Welcome back to Roger Pretzel’s Haunted Dungeon. In this spooky sanctum I’ve poured over all the replay tape to come up with my favorite NFL play of the week. Then it’s straight back to the projector to unspool a film you may have not been aware of…
The lights have dimmed, the wine’s been poured, and the wolves have been fed.
Week 2: Cam Finds Kelvin Benjamin For Short, Bruising Touchdown
While last week The Haunted Dungeon looked at a determined play from young up-and-comer Derek Carr, this week we focus on toughness. The theme is no coincidence since many of us are now looking to patch up the injury-related holes in our leaky fantasy rowboats after a week two that was particularly hard on some dependable names. I managed to snag returning behemoth Kelvin Benjamin for a song in my league’s auction draft and he’s been paying dividends. This is a guy built a bit like linebacker, but happens to be a gifted receiver.
It’s 2nd and 9 so Cam’s got some wiggle room: why not throw it to the big fella short of the plane and see what he can do? It looked like a hard play to defend against with both ‘Niners’ edge-rushers committing to sack Newton on the play-action, but the pass defense looked limp. Benjamin takes some licks on his way to end zone, but if it were actually one dedicated tackler instead of two guys giving up against a veritable rhino, I’m not sure the end result would have been any different with Benjamin barreling into the end zone. I hope Kelvin stays healthy. He’s been my favorite receiver to watch in this nascent NFL season.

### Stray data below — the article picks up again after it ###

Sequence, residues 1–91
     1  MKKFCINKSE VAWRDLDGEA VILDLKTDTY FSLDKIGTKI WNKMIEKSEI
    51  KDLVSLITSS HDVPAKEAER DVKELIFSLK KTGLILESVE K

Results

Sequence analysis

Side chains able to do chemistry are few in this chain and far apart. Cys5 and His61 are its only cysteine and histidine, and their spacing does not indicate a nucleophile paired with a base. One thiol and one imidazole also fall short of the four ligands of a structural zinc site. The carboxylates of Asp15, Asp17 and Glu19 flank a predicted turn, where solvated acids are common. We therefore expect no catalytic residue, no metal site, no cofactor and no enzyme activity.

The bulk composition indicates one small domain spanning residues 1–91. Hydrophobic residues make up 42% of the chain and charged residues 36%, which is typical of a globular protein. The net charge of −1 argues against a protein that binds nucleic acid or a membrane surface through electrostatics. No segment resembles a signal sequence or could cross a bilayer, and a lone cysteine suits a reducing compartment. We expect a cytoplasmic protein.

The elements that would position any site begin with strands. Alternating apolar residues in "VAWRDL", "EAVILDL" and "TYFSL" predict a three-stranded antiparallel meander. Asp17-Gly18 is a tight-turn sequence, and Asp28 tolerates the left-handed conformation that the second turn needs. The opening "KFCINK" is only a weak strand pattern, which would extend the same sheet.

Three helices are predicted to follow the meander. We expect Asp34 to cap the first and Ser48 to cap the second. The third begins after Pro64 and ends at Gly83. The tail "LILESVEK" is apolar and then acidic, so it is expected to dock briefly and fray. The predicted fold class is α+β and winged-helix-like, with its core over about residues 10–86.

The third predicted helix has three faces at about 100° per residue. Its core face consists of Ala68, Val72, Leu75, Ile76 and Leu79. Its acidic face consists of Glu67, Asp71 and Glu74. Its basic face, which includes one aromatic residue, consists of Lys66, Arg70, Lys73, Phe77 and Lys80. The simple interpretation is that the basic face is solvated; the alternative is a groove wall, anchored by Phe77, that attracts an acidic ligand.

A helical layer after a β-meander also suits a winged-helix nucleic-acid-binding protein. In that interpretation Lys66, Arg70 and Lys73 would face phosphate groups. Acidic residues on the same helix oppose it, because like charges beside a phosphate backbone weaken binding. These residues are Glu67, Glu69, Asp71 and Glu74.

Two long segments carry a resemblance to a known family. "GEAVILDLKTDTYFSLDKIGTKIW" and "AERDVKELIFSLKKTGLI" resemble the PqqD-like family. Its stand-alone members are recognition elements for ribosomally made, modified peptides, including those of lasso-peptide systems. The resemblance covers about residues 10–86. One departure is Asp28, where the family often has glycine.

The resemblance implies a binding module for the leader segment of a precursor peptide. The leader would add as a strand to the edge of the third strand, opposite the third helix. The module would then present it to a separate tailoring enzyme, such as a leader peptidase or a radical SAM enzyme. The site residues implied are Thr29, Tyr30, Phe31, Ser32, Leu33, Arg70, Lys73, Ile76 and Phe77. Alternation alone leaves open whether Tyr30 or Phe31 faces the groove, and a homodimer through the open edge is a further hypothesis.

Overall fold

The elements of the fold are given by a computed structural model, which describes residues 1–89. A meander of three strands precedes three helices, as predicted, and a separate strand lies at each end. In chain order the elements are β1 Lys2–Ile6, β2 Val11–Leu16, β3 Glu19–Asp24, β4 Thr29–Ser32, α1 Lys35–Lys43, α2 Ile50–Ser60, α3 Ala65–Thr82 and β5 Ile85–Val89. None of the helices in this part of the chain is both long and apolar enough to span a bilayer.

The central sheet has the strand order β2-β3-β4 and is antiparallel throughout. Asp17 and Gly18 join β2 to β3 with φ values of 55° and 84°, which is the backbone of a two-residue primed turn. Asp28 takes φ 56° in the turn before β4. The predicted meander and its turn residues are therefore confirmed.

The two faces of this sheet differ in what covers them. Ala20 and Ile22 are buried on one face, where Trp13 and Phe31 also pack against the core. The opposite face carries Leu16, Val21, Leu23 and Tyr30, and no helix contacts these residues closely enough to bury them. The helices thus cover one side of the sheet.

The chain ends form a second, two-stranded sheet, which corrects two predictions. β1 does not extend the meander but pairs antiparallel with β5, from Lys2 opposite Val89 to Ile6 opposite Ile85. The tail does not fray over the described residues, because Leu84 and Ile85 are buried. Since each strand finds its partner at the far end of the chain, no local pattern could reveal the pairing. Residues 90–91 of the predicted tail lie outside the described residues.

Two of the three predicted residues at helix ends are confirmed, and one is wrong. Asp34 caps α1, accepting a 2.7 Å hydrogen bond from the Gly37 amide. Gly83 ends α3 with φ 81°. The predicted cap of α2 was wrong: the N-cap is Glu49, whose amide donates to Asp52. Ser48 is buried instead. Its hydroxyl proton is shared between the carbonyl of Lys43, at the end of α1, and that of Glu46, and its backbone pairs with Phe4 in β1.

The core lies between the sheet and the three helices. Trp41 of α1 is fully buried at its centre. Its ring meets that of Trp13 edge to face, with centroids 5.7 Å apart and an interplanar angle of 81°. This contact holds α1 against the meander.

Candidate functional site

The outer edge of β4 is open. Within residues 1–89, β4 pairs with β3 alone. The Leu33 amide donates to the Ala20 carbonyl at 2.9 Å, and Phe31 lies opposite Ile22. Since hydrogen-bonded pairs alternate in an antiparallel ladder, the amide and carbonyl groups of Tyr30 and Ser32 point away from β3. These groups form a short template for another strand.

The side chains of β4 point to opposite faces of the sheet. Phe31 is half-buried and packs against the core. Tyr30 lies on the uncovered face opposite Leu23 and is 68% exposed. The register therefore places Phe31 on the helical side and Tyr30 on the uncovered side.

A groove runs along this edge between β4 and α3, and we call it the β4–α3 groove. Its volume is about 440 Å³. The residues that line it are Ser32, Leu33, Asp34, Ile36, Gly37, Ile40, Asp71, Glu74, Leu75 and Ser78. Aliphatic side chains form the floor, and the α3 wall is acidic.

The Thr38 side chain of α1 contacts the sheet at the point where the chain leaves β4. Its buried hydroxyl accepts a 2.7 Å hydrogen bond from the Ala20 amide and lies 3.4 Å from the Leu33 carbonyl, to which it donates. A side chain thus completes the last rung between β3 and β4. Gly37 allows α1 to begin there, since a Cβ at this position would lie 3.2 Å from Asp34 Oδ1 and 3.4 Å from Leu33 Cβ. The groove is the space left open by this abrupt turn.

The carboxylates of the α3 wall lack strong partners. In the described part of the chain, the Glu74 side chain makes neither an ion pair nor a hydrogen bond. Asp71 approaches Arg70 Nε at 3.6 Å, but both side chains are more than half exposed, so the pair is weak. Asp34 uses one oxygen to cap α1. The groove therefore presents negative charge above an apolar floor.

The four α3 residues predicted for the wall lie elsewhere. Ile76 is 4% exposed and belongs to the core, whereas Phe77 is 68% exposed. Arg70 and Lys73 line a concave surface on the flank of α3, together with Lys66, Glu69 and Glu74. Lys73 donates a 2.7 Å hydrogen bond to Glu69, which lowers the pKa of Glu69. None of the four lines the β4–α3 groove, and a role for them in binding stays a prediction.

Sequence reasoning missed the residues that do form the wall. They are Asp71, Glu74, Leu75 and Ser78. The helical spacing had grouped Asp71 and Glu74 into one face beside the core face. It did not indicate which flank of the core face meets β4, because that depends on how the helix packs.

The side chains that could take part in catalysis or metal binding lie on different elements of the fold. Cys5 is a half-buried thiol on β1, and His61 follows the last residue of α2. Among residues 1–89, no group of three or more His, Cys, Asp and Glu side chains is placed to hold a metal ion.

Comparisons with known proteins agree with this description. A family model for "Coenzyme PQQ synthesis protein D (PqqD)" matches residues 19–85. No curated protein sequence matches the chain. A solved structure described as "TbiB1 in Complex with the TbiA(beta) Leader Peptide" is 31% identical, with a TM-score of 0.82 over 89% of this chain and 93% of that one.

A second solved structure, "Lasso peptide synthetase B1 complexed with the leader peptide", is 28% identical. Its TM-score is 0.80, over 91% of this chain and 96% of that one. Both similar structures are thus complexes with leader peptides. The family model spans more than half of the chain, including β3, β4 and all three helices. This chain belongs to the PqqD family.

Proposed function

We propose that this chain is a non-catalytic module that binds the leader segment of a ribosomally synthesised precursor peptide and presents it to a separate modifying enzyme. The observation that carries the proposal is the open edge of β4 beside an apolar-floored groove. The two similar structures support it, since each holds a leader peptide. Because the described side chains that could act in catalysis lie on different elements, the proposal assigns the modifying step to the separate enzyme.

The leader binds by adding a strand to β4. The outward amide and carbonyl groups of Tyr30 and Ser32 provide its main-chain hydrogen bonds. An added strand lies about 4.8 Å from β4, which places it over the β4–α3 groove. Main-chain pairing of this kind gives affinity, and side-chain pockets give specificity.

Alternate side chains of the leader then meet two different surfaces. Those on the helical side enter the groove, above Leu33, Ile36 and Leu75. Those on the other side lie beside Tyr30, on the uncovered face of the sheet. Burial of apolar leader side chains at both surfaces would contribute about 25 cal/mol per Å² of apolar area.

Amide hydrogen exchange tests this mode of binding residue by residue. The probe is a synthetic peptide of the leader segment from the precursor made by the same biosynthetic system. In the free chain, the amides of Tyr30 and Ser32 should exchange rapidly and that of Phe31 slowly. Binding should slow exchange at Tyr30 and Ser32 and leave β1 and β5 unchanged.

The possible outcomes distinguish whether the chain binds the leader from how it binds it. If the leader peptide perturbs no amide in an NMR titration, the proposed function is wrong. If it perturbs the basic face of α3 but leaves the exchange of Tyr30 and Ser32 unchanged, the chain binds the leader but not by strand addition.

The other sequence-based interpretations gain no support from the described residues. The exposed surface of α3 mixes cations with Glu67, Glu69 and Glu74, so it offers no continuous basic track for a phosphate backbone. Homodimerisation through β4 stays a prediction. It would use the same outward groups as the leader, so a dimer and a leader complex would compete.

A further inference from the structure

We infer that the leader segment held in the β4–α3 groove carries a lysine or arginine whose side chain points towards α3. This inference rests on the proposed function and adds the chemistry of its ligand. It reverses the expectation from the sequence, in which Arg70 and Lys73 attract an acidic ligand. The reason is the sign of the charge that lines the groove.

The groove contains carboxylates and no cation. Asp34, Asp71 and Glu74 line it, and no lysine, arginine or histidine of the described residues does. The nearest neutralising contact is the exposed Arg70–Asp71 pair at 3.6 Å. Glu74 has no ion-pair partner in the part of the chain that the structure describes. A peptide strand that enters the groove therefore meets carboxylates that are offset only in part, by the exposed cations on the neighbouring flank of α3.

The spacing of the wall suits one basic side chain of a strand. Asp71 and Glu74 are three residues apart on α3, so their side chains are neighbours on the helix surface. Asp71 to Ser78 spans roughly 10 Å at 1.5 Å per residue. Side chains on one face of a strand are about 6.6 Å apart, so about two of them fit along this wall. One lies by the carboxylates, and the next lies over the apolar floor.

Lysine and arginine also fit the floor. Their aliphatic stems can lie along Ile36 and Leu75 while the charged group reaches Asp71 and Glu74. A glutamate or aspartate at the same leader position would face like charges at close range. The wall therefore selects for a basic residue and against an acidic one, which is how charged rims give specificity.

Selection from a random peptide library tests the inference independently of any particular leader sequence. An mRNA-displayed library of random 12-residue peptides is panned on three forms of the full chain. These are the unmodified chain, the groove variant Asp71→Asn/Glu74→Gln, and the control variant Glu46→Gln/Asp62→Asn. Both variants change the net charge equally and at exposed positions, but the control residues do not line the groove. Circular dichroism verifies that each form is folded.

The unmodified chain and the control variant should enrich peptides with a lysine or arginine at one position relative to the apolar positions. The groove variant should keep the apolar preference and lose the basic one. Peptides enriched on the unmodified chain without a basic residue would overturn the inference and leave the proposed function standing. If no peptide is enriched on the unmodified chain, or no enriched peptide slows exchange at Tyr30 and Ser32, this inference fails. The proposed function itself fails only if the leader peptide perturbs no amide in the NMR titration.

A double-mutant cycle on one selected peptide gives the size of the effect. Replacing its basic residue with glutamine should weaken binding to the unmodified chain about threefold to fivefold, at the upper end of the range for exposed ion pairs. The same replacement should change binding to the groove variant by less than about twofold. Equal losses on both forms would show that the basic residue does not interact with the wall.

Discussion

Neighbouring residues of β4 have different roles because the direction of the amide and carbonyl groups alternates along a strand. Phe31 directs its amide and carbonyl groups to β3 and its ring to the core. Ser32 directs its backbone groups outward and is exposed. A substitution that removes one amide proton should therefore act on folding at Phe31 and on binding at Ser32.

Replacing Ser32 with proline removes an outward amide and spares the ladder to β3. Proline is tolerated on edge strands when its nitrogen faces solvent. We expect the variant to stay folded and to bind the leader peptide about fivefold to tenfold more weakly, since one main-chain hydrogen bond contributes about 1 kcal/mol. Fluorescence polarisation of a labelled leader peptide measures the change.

Week 2: Knightriders
Director: George A. Romero
George A. Romero is of course best know for the Night of the Living Dead (1968) and its two sequels, but the wryly political king of zombie terror has a few other oddball entries in his oeuvre from the blatantly violent low-budget statement against chemical weapons The Crazies (1973), to the ludicrously bizarre premise of a murderous helper-monkey capuchin in Monkey Shines (1988).
Knightriders is the only major non-horror project that Romero has helmed, but this story of a group of fringe bikers, putting on fully motorized jousting tournaments for the benefit of curious gawkers at Renaissance Fairs rates as one of the very best in Uncle George’s output.
The combination of outlaw cool mixed with the freedom and fun of the traveling circus is made even more fascinating by the performers’ dedication to living under a medieval code. Ed Harris may be “King Billy,” but that doesn’t mean The Black Knight, special effects legend and sometimes actor Tom Savini, can’t challenge him. To my mind, this is Savini’s finest performance in front of the camera with his cocaine-fueled ego dishing out heaping helpings of snark and petulance.
At two and a half hours it’s a little long for a genre flick for sure, but that allows Romero to explore plenty of interesting and unexpected avenues. While the obvious thrust is the difficulty of living a truly alternative lifestyle under one’s own rules, other concepts like the dilution of what’s cool and worthwhile when outside money is injected into a vibrant subculture, as well as the pitfalls of celebrity that come with being a corporate shill. Most impressively, Romero addresses the homosexuality of a troupe member, and the bald-faced and truly humanistic treatment feels downright revolutionary in an early 80’s movie.
While there are no undead decapitations or cannibalistic disembowelings on hand, the choreographed motorcycle stunts have a gritty authenticity thanks to the lack of over-editing, and the whole film has a synergistic DIY feel both in its subject matter and production style.
They really don’t make ‘em like this anymore.
Free in eight parts on Youtube. Disc available through Netflix. Streaming rental available through Amazon video.